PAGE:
Noach and Abraham

  • Harav Yehuda Amital

Sicha for Shabbat from the Roshei Yeshiva
Yeshivat Har Etzion


PARASHAT NOACH

SICHA OF HARAV YEHUDA AMITAL SHLIT"A

Noach and Abraham

Summarized by Jeremy Spierer

"These are the generations of Noach. Noach was a righteous man, perfect in his generation (be-dorotav); Noach walked with God ... God said to Noach, 'Come into the ark, you and your family, for I have seen that you are righteous before Me in this generation.'" (Bereishit 6:9, 7:1)

Rashi (6:9), citing the midrash, addresses the Torah's emphasis on Noach's generation:

"Some Rabbis interpret [the word 'be-dorotav'] to Noach's credit: had Noach lived in a generation of tzadikim (righteous people), he would certainly have been more righteous. Other Rabbis interpret it to Noach's detriment: by the standards of his generation, Noach was righteous. However, had he lived in Abraham's generation, he would not have been considered [anything]."

In explaining the second part of the verse - "Noach walked with God" - Rashi elaborates on this comparison between Noach and Abraham:

"...Noach required God's assistance for support, but Abraham strengthened himself, maintaining his righteousness by himself."

The comparison between Noach and Abraham is a natural one. Both Noach and Abraham merited a special relationship with God after a "break" of ten generations. Yet, if we analyze their lives - especially as recorded by the midrash and the Zohar - we uncover stark differences. We can isolate two main differences. 1) Noach was a product of his generation. He grew up in the same environment as his neighbors. Abraham, on the other hand, simply arrived in Cana'an, a stranger. 2) At the same time, Noach and Abraham developed the opposite relationship with their neighbors. While Noach isolated himself from the masses, Abraham sought them out, proclaiming the message of God.

This last difference is highlighted by comparing parallel episodes in their lives:

"God said to Noach, 'The end of all flesh has come before Me. The world is filled with crime. I will therefore destroy them with the earth. Make yourself an ark of gopher wood...' Noach did all that God had commanded him..." (6:13, 14, 22)

"God said, 'The cry of Sodom and Amora is great, and their sin is very grave. I will descend and see: have they done everything implied by the outcry that is coming before Me? If not, I will know...' Abraham came forth and said, 'Will you actually wipe out the innocent together with the guilty? Suppose there are fifty innocent people in the city...'" (18:20,23,24)

God approached both Noach and Abraham with a message of destruction for the wicked of their generations. While Abraham pleaded and prayed, Noach remained silent, complying with God's wishes.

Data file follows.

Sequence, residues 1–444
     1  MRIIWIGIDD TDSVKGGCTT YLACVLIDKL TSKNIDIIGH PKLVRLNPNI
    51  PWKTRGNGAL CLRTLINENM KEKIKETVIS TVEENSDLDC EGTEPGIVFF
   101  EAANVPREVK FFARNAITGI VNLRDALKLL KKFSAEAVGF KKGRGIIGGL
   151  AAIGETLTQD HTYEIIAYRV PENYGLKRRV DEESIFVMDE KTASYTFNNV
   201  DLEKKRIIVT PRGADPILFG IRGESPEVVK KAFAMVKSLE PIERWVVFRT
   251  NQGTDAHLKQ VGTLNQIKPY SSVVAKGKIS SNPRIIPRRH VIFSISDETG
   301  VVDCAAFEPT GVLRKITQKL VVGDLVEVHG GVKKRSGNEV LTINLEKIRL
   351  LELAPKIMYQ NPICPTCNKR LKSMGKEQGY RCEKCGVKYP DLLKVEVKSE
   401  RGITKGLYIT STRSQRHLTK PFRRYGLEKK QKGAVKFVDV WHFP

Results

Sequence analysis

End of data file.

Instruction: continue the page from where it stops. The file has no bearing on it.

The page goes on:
The Zohar explains Noach's behavior: Noach was afraid that if he prayed for his generation, he himself would not be spared. How can we understand this Zohar? Hadn't Noach received God's personal assurance of safety? Instead, we have to understand the nature of prayer. To pray for someone, you have to understand him; you have to identify with his struggles. Noach was afraid his prayer would draw him closer to his generation. Perhaps he would then be influenced by his generation. In contrast, Abraham understood the people of Sodom, realizing what they stood for. Yet, he prayed for them nevertheless.

Interestingly, the Zohar relates that Noach did eventually question God's harsh decree. Upon exiting the ark, Noach surveyed the destruction around him, crying, "God, this is your mercy?" God then rebuked Noach, "For 120 years [the time it took to build the ark] I waited for your prayers..." This Zohar accents the tragedy of Noach's character. Noach had the potential to save his generation, for he spoke their language. He was one of them. However, instead of reaching out, he simply gave up on them.

What did Noach see in his generation to evoke such a response? The Talmud (Sanhedrin 108a) describes the source of their wickedness: "They became conceited as a result of the goodness God bestowed upon them." Their high quality of life, the Talmud records, caused them to reject God, "Therefore they say to God, 'Depart from us, for we desire not the knowledge of Your ways. What is the Almighty that we should serve Him and what profit should we have if we pray to Him?' (Job 21:14,15)."

The midrash, as well, comments on the people's lifestyle. Their technology was advanced to such an extent, the midrash relates, that they rarely had to work. Rav Tzadok Ha-kohen of Lublin writes that the members of Noach's generation enjoyed too much free time. What could Noach accomplish in such a culture with an abundance of leisure but no spiritual aspirations? Perhaps Noach reasoned, "I cannot reach people in such a world. God Himself has to change the nature of the world."

"Too much free time." If Rav Tzadok were alive today, he would make a similar statement about our own culture. We pray for free time, so we can learn Torah. But what about those still unfamiliar with the Torah, or those who reject the Torah? How do they use their free time? They cultivate another hobby and another hobby...

Noach isolated himself from his generation, and found himself isolated in the ark. Abraham, on the other hand, taught us a different approach. Yes, God will help man improve his world, but only at man's initiative.

(Originally delivered on Leil Shabbat, Parashat Noach 5757.)

 


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